The thousands who attended Boston Calling, this weekend’s two-day music festival at City Hall Plaza, went through toughened security measures on their way in today, including pat-downs.

Because of three recent fatal drug overdoses at concerts in Boston and New York organizers said security would look out for signs that patrons may be using Molly, a potent form of the club drug MDMA.

The first day of the festival was centered primarily on indie rock and folk acts, not commonly associated with Molly use, but dance and electronic acts dominate much of Sunday’s lineup.

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Michael Snow, co-founder of festival organizer Crash Line Productions, said he did not consider canceling the concert, but did ensure that security personnel paid attention to the crowds.

“Boston police and our security team are more attuned to look at people within the event. There are tell-tale signs,” Snow said. “But it’s a pill. It’s very hard to stop.”

Six Flags New England postponed a Sept. 28 electronica concert “in light of recent events.” In Manchester, N.H., the Verizon Wireless Arena canceled the local stop of the Barstool Blackout Tour, a traveling rave.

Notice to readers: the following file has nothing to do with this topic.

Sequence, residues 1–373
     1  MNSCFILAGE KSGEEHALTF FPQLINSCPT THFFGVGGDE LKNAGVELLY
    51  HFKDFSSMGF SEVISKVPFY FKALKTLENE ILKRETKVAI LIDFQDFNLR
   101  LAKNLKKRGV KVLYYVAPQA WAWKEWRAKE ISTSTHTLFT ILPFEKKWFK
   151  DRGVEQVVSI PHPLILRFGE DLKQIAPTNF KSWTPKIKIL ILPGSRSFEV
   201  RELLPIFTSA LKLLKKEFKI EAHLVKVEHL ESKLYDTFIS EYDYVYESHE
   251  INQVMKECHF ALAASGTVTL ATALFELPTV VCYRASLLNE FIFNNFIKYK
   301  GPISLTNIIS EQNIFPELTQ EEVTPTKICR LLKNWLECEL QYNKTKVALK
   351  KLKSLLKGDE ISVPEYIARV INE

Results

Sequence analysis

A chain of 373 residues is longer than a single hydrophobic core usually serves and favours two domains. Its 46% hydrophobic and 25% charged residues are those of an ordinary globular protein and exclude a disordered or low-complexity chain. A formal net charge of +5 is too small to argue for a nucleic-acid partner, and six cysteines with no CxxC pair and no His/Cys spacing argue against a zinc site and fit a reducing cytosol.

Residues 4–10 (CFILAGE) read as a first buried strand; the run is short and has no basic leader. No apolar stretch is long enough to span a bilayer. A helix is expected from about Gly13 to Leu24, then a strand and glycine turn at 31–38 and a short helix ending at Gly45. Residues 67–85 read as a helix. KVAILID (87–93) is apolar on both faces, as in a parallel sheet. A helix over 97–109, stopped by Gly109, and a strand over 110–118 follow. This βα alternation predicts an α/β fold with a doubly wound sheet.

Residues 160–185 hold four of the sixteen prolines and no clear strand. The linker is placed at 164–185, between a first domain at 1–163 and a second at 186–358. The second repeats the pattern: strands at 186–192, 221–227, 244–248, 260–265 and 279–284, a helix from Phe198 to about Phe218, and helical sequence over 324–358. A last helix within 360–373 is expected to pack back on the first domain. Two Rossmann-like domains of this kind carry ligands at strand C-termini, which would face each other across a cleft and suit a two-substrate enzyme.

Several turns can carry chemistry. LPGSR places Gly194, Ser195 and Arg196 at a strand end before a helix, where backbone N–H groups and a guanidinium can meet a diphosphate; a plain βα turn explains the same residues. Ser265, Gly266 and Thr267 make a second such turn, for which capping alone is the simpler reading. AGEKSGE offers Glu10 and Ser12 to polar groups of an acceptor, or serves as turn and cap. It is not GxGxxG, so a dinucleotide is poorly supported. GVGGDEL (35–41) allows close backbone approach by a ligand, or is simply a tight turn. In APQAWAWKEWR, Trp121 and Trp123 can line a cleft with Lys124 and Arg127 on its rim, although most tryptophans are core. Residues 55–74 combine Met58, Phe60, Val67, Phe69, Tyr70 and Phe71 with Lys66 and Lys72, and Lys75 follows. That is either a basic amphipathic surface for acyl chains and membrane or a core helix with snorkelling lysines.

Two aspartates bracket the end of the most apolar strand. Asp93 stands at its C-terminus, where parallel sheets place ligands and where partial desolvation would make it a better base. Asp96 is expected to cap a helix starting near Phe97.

In Quincy, there were 12 reported drug overdoses at the Ocean Club in Marina Bay this summer, most of them involving Molly. Quincy police have arrested eight people for possession or distribution of the drug since Memorial Day.

Boston police spokeswoman Cheryl Fiandaca said the department will have more officers patrolling the Boston Calling concert this weekend than it did during the festival’s first show in late May.

“In light of the recent overdoses, additional trained undercover drug control officers will be also be deployed,” she said in an email.

At Boston Calling, concertgoers moved across the plaza between two stages as bands played back-to-back sets. Tonight was scheduled to conclude with two rock bands, The Gaslight Anthem and Vampire Weekend.

Tickets were still available for Sunday’s performances.

Bill Fulkerson, 36 of Lynn, sat on an elevated concrete vent as he watched the crowds and listened to the band Deer Tick.

“You’ve got the young kids with their vibrant hair [colors], and the hipsters with their pretty clothes and pretty hair,” he said. “I’ve seen some kids here with their families, which is pretty cool because it creates a nice overall environment.”